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Objective sleep duration in older adults: Results from The Irish Longitudinal Study on Ageing

Research output: Contribution to journalArticle

Siohan Scarlett, Hugh Nolan, Rose Anne Kenny, Matthew David Liam O'Connell

Original languageEnglish
Pages (from-to)120-128
Number of pages9
JournalJournal of the American Geriatrics Society
Volume68
Issue number1
Early online date3 Oct 2019
DOIs
Publication statusPublished - 1 Jan 2020

King's Authors

Abstract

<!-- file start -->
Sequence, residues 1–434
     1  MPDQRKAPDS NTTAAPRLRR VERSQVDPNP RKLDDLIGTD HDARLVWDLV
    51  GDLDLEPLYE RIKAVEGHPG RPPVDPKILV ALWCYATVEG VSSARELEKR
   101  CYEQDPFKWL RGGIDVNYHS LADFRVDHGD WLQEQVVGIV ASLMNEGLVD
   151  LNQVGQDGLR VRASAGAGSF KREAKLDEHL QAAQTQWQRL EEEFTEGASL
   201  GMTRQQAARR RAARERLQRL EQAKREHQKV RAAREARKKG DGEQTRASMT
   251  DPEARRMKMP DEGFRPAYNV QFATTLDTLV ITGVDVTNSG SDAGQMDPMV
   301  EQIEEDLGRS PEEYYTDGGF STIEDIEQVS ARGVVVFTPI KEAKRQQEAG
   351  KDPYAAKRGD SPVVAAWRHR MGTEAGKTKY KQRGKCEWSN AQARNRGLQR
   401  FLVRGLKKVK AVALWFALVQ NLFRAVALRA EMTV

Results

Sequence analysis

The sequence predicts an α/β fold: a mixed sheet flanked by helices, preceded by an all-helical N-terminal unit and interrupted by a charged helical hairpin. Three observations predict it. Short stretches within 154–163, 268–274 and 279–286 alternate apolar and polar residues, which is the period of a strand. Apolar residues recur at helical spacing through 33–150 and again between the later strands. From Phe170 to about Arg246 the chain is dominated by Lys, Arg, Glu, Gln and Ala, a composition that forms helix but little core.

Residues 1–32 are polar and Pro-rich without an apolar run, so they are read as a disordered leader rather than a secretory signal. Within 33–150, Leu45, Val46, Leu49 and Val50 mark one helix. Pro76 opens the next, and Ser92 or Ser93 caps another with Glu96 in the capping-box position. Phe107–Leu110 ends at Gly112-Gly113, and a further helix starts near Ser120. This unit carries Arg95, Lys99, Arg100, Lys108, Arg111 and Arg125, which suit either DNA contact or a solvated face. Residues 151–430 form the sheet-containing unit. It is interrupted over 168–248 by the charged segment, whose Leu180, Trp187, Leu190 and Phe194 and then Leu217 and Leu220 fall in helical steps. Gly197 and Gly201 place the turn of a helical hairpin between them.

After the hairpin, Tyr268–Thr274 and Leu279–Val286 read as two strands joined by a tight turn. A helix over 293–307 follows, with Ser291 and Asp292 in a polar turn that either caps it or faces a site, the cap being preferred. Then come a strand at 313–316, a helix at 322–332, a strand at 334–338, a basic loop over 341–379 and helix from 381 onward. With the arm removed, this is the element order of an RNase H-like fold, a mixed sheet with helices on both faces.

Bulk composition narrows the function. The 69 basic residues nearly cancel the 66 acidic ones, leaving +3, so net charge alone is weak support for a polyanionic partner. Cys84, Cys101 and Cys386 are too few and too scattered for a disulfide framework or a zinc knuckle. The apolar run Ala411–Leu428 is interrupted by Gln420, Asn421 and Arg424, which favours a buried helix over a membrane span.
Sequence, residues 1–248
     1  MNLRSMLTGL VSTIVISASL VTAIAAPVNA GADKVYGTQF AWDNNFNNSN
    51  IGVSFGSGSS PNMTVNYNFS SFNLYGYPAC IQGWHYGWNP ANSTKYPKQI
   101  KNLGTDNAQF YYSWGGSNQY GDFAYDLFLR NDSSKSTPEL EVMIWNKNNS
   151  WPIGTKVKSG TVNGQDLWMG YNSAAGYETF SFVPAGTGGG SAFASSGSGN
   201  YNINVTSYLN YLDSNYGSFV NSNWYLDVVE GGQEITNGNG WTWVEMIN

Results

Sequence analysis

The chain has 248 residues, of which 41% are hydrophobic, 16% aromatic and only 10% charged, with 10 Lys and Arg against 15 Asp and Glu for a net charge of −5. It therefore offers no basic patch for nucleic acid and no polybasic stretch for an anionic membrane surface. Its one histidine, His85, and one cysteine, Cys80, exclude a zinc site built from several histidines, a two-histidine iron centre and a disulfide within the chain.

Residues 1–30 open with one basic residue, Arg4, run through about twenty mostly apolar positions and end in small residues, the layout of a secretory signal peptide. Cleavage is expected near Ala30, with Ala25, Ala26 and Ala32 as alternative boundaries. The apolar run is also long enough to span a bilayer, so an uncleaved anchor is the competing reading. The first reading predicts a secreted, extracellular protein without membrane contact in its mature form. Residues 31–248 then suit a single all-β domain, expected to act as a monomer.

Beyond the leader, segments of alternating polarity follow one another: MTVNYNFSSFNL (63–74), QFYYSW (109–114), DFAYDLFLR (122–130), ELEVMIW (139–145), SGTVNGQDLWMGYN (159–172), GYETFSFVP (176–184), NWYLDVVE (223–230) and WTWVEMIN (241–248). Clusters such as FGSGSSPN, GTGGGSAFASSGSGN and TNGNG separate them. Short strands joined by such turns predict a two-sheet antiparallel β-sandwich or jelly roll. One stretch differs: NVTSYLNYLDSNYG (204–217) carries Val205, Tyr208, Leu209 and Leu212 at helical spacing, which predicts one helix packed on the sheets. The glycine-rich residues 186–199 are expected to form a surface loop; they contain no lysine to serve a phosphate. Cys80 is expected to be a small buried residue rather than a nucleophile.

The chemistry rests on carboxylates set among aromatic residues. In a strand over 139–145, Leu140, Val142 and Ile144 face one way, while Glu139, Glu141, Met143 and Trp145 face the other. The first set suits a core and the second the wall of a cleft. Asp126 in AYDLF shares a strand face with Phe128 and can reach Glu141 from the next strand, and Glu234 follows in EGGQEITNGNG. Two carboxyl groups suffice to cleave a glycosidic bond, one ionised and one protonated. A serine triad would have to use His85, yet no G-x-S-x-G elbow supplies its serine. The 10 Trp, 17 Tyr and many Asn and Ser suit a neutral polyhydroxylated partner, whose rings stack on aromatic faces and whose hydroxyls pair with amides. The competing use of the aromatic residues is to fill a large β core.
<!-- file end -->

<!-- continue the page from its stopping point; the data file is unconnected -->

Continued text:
OBJECTIVE: This study assessed the distribution and correlates of objective sleep duration in the older population in Ireland. DESIGN: Cross-sectional study using population-derived data from wave 3 of The Irish Longitudinal Study on Ageing. SETTING: Community-dwelling adults. PARTICIPANTS: Adults, aged 50 years and older, who wore an accelerometer for at least 4 days (N = 1533). MEASUREMENTS: Sleep was measured for at least 4 days in 1533 participants using a GENEActiv wrist-worn accelerometer device. Sleep parameters included total sleep time (TST) and self-reported sleep problems. TST was categorized as short and long sleep duration using US National Sleep Foundation guidelines. Linear and multinomial logistic regression models assessed sociodemographic, health, and behavioral correlates of sleep duration. RESULTS: Mean TST for the sample was 463 minutes (SD = 72.6 minutes). Of participants, 13.9% and 16.5% measured short and long sleep duration, respectively. TST decreased as sleep problems increased, as did durations recorded in summer compared to winter recordings. Advancing age was associated with longer sleep, as was antidepressant use. Retired/unemployed participants recorded longer TST and were more likely to record long sleep compared to employed participants. Fair/poor self-rated health and separated/divorced participants were more likely to record short sleep. Those reporting moderate or high physical activity were less likely to record short or long sleep, respectively, compared to those reporting low physical activity. Participants reporting a limiting disability were less likely to record long sleep. CONCLUSION: Average TST was within recommended guidelines; however, a significant subset of older adults recorded sleep duration outside of the guidelines. Independent demographic and health correlates of suboptimal sleep were identified, many of which are modifiable. Patients and clinicians should be aware of factors potentially influencing sleep patterns. Longitudinal analyses to confirm directionality of relationships with potential risk factors are warranted. J Am Geriatr Soc 68:120–128, 2019.

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